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Prove that the line segment joining the two centers of the concurrent circles of equal radius is perpendicular to line segment joining the two intersection points of the circles. I had come across statements that common chord of the two circles is bisected if we draw a line segment joining the two center of circles.

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I was told that. I should use some property of rhombus to prove above statment.what property is that? – user13359 Jul 15 '11 at 18:31
I have assumed that since two circles are of equal radius and intersect each other they are "concurrent circles". Is this term correct or is their any other term for this type of circles? – user13359 Jul 15 '11 at 18:34
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The argument by symmetry given by Joriki is in my opinion optimal.

If we want a maximally "high school" proof of the old-fashioned type, let the centers of the circles be $C$ and $C'$, and let the intersection points of the circles be $A$ and $B$, as in the answer by Bruno Joyal. Let $M$ be the point where lines $AB$ and $CC'$ meet.

Then triangles $ACC'$ and $BCC'$ are congruent, by what used to be called SSS.

It follows that $\angle ACC'=\angle BCC'$, so triangles $ACM$ and $BCM$ are congruent, by what used to be called SAS.

Thus $\angle CMA=\angle CMB$. But these angles add up to a "straight angle," so each is a right angle.

Comment: We have used the past tense repeatedly in the proof, since in many school curricula geometry of the classical kind has died. In the death spiral, students were made to answer multiple choice questions about "two-column" proofs.

Added: Curiously enough, we all seem to have missed the "equal radius" part of the statement of the problem, which as far as I can tell was there from the beginning! Of course, the result is true without the assumption of equal radius.

But the following argument may have been the intended one. Since the radii are equal, the centers of the circles and their points of intersection form a rhombus. By a theorem which has presumably been proved in the course prior to this problem, the diagonals of a rhombus are perpendicular (and bisect each other). End of proof.

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This is true by symmetry. The figure is symmetric with respect to reflection in the line joing the centres; if the line joining the two intersection points weren't perpendicular to that line, it would break the symmetry.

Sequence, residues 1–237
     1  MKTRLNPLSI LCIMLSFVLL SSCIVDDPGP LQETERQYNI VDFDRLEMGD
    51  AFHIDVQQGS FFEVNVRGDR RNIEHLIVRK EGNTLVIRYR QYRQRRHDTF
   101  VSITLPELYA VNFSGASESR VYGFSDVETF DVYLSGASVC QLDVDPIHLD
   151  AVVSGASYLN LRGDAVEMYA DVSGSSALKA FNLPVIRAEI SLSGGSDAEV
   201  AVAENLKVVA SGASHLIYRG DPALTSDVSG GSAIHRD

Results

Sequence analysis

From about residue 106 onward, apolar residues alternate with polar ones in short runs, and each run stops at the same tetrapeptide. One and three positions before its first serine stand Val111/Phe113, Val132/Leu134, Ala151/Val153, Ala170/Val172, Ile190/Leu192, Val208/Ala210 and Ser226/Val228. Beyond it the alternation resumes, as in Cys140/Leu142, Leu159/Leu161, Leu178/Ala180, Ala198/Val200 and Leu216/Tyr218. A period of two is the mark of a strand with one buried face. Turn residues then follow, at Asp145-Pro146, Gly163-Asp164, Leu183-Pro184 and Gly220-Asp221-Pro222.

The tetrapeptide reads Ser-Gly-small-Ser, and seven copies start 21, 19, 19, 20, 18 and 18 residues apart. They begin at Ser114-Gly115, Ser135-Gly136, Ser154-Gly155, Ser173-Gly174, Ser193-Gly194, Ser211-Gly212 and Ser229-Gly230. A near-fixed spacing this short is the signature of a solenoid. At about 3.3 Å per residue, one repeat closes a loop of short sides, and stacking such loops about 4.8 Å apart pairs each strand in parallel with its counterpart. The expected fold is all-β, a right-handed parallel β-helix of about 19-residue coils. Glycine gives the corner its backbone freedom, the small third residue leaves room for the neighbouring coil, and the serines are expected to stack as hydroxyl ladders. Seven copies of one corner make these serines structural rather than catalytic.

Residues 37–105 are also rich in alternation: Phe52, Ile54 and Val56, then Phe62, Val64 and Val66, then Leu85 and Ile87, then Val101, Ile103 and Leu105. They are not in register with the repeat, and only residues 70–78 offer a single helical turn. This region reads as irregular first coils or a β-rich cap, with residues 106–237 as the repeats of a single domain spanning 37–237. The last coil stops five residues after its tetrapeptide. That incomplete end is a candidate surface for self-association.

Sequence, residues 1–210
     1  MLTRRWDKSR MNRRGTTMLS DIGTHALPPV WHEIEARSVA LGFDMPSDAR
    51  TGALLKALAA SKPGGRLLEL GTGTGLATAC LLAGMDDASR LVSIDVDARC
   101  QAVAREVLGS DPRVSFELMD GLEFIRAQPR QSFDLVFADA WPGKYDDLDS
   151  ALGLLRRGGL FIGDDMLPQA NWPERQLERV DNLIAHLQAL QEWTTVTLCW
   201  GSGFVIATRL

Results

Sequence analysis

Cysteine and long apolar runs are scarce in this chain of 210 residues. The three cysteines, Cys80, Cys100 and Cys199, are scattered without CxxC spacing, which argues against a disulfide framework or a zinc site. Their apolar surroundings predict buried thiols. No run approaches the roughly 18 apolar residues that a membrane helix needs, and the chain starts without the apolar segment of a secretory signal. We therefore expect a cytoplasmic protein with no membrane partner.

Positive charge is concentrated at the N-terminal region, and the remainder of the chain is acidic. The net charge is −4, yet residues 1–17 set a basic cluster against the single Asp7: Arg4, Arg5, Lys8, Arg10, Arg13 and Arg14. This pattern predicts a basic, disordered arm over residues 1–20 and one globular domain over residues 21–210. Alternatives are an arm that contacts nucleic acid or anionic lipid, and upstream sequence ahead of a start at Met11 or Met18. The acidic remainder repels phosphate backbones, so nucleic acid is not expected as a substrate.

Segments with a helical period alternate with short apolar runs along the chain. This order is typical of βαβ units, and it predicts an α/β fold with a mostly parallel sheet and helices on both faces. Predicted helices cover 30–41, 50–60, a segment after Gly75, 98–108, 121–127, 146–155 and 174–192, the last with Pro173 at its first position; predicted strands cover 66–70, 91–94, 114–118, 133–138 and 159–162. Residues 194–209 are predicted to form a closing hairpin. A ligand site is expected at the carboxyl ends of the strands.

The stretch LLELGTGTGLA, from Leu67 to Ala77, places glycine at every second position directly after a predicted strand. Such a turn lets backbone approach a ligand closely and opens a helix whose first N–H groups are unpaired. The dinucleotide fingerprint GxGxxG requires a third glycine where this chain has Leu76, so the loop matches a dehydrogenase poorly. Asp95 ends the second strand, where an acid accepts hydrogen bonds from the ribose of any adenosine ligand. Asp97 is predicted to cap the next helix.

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Let the points of intersection of the circles be $A$ and $B$, and the centers be $C$ and $C'$. The triangles $ACB$ and $AC'B$ are two isoceles triangles which share the same base. As you have said, the line joining $C$ and $C'$ bisects this base. But in an isoceles triangle, the main altitude is the same line as the main median. Hence the line $CC'$ must be an altitude for each of the triangles $ACB$ and $AC'B$, i.e., it is perpendicular to $AB$.

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Here's a coordinate geometry proof: let the two circles be of the form

$$(x-h_1)^2+(y-k_1)^2=r_1^2,\qquad (x-h_2)^2+(y-k_2)^2=r_2^2$$

I'll be demonstrating a more general statement: the radical line of the two circles is perpendicular to the line through the two centers. In the special case of intersecting circles, the radical line is the line through the two intersection points.

It is trivial to write down the equation of the line joining the two centers:


To construct the equation of the radical line, we expand the Cartesian equations of the two circles:

$$x^2-2h_1 x+h_1^2+y^2-2k_1 y+k_1^2=r_1^2,\qquad x^2-2h_2 x+h_2^2+y^2-2k_2 y+k_2^2=r_2^2$$

and then subtract one from the other:


whose slope is $-\frac{h_2-h_1}{k_2-k_1}$, which when multiplied by the slope $\frac{k_2-k_1}{h_2-h_1}$ of the line joining the centers gives $-1$, thus showing the perpendicularity.

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Good demonstration of the "algorithmic" nature of coordinate geometry arguments. – André Nicolas Jul 15 '11 at 4:34
Indeed, @André (meta: it is nice to be calling you that instead of "6312" :) ). On the other hand, there remains a sort of panache when one goes the classical route instead of the coordinate route... – J. M. Jul 16 '11 at 4:51
Euclid is said to have told a Ptolemy, who was asking for shortcuts to proofs, and/or Menaechmus told Alexander "There is no royal road to geometry." But there is, for a king with a large enough computing budget. And the anecdote is unlikely to be true. It is unhealthy to dis a king; one may lose one's grant, or worse. – André Nicolas Jul 16 '11 at 6:01
Yes @André, I could have made the centers lie on the horizontal axis, and the proof certainly becomes much tidier that way... maybe I'll rewrite later. – J. M. Jul 16 '11 at 6:49

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